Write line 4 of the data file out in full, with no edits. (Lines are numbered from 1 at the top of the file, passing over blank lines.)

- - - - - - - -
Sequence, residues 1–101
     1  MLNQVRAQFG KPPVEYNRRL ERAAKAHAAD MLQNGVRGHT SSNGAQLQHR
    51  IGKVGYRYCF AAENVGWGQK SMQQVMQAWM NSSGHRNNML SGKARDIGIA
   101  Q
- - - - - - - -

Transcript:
   101  Q